At Cardiac & Vascular Care in San Jose, California, our cardiologists are highly trained to treat vascular conditions such as chronic venous insufficiency, varicose veins, spider veins, and deep vein thrombosis.
Chronic Venous Insufficiency (CVI)
Arteries carry oxygenated blood from the heart to the rest of the body, while veins carry oxygen-depleted blood back to the heart. If valves in your lower leg veins don’t work properly, you may experience a condition known as chronic venous insufficiency, or venous reflux.
These valves prevent blood from flowing backward as it is carried up the legs back to the heart. If they weaken, blood will instead begin to flow back toward the feet and pool in the veins of the lower legs, resulting in varicose veins or spider veins.
If not treated, chronic venous insufficiency can worsen over time. Learn more about these venous reflux conditions below.
An estimated 30 million women and men suffer from chronic venous insufficiency (CVI) in the US. Risk factors include standing for prolonged periods of time (increases pressure on the veins), age (elasticity of veins decreases over time), heredity (it tends to run in families), pregnancy (circulatory and hormonal changes affect the veins), and obesity (further strains already weakened valves).
As venous reflux progresses, symptoms of CVI may include:
- Achy, fatigued legs
- Itching or burning
- Restless legs
- Skin damage and discoloration
- Leg swelling
- Venous ulcers (in extreme cases)
In addition to the physical symptoms, varicose veins are visually unattractive. They typically look like bulging, twisted ropes below the skin that appear blue or purple in color.
Fortunately, early diagnosis and treatment of chronic venous insufficiency can stop the disease from progressing, and can treat these painful and aesthetically undesirable symptoms.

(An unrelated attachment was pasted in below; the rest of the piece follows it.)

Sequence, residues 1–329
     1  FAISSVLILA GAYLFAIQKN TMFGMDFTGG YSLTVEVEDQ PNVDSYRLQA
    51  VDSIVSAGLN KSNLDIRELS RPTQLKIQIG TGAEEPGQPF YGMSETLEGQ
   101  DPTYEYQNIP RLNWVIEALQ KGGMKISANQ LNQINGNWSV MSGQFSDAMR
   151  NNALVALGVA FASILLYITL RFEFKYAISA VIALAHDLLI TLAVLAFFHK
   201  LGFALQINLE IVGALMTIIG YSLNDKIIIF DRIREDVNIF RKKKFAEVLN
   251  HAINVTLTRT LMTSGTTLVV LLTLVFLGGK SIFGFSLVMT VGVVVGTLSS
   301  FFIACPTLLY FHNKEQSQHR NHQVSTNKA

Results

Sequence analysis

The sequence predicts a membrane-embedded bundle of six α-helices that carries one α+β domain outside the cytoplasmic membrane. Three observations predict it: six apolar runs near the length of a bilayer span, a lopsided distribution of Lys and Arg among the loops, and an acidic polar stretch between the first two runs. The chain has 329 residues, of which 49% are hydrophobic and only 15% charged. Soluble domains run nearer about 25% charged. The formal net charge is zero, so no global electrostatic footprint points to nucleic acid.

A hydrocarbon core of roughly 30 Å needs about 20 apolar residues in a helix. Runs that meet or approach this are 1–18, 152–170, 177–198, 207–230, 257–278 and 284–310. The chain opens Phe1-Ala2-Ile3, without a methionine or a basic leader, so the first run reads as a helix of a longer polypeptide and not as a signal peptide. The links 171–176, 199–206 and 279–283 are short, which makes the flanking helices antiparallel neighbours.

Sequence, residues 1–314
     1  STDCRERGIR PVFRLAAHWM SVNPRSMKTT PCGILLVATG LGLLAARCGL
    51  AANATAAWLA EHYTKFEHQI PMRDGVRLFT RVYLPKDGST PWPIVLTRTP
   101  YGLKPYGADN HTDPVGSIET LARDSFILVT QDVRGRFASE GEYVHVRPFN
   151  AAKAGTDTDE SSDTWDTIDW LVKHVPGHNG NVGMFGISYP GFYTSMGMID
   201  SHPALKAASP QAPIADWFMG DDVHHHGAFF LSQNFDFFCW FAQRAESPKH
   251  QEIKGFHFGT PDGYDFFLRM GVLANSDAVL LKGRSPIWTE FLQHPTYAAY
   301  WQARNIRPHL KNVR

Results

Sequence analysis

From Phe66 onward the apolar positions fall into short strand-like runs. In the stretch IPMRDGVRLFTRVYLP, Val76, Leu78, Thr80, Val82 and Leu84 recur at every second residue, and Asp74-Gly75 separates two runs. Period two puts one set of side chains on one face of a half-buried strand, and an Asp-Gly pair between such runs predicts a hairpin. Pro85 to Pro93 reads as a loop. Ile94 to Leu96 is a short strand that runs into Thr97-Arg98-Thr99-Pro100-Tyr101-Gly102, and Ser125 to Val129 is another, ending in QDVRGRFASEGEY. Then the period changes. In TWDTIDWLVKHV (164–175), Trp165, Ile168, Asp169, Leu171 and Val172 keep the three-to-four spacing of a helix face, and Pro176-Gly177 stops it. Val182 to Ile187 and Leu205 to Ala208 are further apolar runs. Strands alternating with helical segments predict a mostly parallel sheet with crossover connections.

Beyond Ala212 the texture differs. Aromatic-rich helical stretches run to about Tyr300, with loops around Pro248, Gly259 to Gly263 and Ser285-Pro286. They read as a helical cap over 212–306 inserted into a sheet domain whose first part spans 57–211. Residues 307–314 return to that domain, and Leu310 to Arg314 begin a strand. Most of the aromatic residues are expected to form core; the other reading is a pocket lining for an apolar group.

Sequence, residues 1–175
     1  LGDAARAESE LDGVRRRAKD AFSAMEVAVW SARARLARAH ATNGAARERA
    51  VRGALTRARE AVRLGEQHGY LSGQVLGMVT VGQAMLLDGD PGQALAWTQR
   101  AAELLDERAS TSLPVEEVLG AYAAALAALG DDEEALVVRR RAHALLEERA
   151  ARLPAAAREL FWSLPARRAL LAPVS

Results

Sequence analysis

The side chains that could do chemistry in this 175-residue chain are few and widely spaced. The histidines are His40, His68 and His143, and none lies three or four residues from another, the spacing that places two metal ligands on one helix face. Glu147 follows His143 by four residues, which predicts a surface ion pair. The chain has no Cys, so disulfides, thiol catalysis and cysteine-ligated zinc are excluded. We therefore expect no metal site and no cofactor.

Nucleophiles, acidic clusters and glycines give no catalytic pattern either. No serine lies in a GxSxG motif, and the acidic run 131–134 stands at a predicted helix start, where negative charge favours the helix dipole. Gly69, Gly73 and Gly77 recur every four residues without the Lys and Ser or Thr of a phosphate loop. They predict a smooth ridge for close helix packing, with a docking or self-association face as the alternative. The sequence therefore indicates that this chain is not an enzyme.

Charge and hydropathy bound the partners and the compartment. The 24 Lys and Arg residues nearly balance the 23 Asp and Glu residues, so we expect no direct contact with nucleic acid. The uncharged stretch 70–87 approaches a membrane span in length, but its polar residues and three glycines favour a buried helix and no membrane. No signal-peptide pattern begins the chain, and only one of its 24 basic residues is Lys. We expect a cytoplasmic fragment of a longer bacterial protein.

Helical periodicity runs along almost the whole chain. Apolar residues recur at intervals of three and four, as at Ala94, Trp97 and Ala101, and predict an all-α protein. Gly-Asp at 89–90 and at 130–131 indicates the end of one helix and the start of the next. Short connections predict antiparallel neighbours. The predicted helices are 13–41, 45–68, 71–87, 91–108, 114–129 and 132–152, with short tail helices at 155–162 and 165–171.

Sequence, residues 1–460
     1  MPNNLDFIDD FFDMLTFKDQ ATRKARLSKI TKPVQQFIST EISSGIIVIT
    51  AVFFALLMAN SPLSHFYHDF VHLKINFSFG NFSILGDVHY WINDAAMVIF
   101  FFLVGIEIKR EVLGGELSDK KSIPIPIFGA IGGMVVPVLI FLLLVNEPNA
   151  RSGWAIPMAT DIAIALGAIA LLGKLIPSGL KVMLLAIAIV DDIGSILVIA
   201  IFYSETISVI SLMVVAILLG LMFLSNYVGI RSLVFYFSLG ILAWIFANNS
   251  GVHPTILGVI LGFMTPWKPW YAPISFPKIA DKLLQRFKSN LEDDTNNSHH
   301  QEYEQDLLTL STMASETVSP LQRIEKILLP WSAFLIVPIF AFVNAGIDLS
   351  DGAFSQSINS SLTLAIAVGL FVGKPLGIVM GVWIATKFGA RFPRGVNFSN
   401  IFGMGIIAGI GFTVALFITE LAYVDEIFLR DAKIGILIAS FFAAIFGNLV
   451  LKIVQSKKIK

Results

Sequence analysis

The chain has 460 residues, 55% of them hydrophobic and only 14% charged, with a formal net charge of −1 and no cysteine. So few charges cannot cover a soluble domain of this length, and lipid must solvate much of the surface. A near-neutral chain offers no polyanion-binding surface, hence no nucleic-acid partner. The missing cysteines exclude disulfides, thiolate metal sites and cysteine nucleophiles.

To diagnose varicose veins, Dr. Mehrdad Rezaee may use vascular ultrasound and mapping, which presents a clear picture of the veins and blood flow, including any vein segments that are susceptible to venous reflux. He will scan both superficial and deep veins to ensure there is no deep vein thrombosis, or blood clot that has formed in the deep veins of the legs. Symptoms of a DVT may include leg pain, swelling, redness, warmth, and large, bulging superficial veins. Risk factors include cancer, trauma, older age, recent surgery, high blood pressure, history of heart disease, pregnancy, and long periods of being immobile such as on bed rest or long flights.
Treatment for Varicose Veins
Varicose vein treatment depends on the extent of disease. Options may include conservative measures such as compression socks or medications, or minimally invasive techniques such as sclerotherapy injections or endovenous radiofrequency thermal ablation.
Spider veins are similar to varicose veins but are smaller and usually do not bulge above the skin’s surface. Also known as telangiectasias or venulectasias, spider veins appear as a tangled web of red, blue, or purple blood vessels and capillaries just below the surface of the skin. They typically occur on the thighs, lower legs, and face.
Like varicose veins, spider veins may be caused by extended periods of standing, genetics, pregnancy, hormonal changes, obesity, trauma to the skin’s surface, and sun exposure.
While untreated varicose veins can progress and cause health problems, spider veins do not. They don’t cause any symptoms and do not require medical intervention. Instead, they are more of a cosmetic concern. As such, health insurance will not cover the cost of treatment, which may include sclerotherapy injections or surface laser treatment.
If you are experiencing symptoms of chronic venous insufficiency and want to know more about your treatment options, call Cardiac & Vascular Care at (408) 295-2257 or you can request an appointment online.